According to David Sinclair, deputy director of the Paul Glenn Center for Biological Mechanisms of Aging and a professor who has written numerous books on genetics and aging, aging is another disease that humans must overcome.
Blood transfusions from young people may be the secret to longevity. But to get it, you don’t need drugs, you have to disturb your comfort. “The bottom line is you have to get your body out of its comfort zone (we call it hormesis),” Sinclair said on the Rich Roll podcast.
The problem with today’s world is that we just want to relax and be nourished. We don’t want to feel uncomfortable and that creates a lot of problems. If we don’t constantly tell our bodies that something could become a problem, our bodies don’t care. It does not fight disease or aging.
The methods Sinclair teaches to counteract and ultimately reverse the body’s aging process are not new. They have been heard many times before, but they all lead to “compromise in comfort”.
According to Sinclair, the first thing people should do to live longer is “reduce the frequency of feedings.”
“If I had one thing to say, I think the most important thing to extend a healthy lifespan is to eat less,” Sinclair said. “Don’t eat three meals a day.”
The next obvious step to a healthier lifestyle is regular exercise. Sinclair also recommends “fasting,” saying she “skips one or two meals a day, which has changed her life.”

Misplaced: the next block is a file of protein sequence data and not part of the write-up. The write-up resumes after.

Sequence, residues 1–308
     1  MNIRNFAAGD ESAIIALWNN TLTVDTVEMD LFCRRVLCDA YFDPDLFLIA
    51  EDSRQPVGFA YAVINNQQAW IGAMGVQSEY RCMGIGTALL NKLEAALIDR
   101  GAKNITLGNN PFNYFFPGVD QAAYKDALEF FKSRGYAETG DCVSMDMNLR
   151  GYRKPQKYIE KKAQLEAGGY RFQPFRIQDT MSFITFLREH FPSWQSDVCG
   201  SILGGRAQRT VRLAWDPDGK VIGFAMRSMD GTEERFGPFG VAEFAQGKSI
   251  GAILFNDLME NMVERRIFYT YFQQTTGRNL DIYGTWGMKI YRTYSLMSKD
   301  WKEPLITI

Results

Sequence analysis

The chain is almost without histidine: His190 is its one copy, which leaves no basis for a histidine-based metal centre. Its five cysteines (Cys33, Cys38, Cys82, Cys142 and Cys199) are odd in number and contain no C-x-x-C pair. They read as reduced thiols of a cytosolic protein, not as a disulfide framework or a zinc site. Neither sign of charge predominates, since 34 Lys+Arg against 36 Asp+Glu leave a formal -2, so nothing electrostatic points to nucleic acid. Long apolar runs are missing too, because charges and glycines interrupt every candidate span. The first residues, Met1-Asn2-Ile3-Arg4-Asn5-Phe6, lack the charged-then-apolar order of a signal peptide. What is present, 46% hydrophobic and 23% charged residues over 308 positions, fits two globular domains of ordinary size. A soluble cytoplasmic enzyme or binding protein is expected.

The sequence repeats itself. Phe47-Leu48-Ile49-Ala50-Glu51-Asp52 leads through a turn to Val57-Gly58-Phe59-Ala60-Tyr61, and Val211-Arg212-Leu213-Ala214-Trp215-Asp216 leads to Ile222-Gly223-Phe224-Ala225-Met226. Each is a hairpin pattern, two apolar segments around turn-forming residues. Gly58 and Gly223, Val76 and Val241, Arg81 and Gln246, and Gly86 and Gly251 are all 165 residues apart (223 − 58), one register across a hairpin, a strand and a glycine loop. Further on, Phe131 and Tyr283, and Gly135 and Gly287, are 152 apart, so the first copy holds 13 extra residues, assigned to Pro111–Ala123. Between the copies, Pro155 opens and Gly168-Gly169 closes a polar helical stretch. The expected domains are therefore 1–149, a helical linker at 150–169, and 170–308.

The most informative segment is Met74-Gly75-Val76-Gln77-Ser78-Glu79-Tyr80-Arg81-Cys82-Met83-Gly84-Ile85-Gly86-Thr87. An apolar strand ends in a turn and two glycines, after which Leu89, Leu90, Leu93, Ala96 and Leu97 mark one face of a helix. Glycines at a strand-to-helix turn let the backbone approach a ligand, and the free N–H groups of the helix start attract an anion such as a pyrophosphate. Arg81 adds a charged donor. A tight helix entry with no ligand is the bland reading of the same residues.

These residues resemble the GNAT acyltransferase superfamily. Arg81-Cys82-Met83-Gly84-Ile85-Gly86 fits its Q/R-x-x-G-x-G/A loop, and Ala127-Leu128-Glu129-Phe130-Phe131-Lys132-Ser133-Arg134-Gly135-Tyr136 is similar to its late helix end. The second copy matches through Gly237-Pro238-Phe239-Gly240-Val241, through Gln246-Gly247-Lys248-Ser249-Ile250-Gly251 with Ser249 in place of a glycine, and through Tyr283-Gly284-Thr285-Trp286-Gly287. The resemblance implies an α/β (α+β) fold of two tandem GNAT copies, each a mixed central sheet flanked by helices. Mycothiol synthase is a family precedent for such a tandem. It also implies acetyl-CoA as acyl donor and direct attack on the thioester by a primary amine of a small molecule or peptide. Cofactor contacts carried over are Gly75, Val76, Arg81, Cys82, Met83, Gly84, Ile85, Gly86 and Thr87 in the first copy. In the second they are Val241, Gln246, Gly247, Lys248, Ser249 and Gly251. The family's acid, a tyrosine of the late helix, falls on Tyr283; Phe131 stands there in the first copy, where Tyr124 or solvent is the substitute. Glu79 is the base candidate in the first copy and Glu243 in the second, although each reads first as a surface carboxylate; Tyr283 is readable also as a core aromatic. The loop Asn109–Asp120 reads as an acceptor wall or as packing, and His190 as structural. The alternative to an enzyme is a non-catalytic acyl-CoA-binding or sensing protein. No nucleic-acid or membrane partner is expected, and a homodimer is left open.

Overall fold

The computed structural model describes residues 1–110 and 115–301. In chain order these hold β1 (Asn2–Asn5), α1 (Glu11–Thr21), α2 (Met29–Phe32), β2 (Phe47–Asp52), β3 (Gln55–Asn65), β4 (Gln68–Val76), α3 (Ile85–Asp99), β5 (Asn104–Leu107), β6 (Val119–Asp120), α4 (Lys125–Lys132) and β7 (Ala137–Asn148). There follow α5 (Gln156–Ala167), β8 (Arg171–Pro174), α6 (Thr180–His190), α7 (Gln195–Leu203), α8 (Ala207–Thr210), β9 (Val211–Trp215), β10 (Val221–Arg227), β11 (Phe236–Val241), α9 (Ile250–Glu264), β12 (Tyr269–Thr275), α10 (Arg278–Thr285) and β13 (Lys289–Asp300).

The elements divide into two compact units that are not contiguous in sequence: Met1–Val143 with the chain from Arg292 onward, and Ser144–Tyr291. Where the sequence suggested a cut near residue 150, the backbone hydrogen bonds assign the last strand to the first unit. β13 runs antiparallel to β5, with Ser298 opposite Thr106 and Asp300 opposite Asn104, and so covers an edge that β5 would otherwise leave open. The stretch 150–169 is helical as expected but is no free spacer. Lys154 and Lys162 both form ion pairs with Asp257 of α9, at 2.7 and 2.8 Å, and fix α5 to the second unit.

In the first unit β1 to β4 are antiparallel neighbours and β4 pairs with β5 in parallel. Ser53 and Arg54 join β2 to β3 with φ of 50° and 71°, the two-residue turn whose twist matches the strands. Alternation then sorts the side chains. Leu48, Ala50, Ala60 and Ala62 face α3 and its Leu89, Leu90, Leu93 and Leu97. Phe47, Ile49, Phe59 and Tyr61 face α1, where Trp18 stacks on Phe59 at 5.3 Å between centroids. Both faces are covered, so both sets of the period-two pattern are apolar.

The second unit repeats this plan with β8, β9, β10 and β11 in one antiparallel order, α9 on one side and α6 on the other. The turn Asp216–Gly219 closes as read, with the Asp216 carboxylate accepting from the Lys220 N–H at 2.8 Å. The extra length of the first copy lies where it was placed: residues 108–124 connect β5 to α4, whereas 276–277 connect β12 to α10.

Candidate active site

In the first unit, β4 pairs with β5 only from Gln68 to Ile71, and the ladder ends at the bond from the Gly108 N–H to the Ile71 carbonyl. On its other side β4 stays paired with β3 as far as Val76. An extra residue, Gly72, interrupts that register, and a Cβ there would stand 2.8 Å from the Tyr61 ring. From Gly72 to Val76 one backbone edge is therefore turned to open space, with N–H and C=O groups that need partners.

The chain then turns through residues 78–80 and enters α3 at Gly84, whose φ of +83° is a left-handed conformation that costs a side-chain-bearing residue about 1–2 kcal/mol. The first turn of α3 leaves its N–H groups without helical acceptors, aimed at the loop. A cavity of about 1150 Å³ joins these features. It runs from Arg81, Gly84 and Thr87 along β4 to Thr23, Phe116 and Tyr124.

This form of fasting is beneficial in fighting aging because it increases levels of Nicotinamide Adenine Dinucleotide (NAD+), which in turn activates the body’s “repair genes”. The same goes for exposing yourself to heat and cold, such as a sauna.
In addition to getting enough sleep, the Harvard professor also recommends limiting meat consumption. The amino acids in meat activate the metabolic pathway called mTor, which shuts down our body’s defenses and tells us it’s time to grow.
As a result, activities that cause stress, such as exercise, fasting, and cold/heat exchange, increase your NAD+ levels. This allows sirtuin, a type of protein that regulates gene expression and repairs DNA damage, to work properly.
Sinclair explains that without NAD+, aging is faster regardless of your genetic makeup: “80 percent of our health in old age is due to our lifestyle and how we live, only 20 percent is genetic.”
If we take effective action to reverse aging, Sinclair believes that “a world where people can live to 250 and still play tennis at 120 is possible.”
“There’s no reason why we couldn’t do that with our intelligence,” Sinclair said.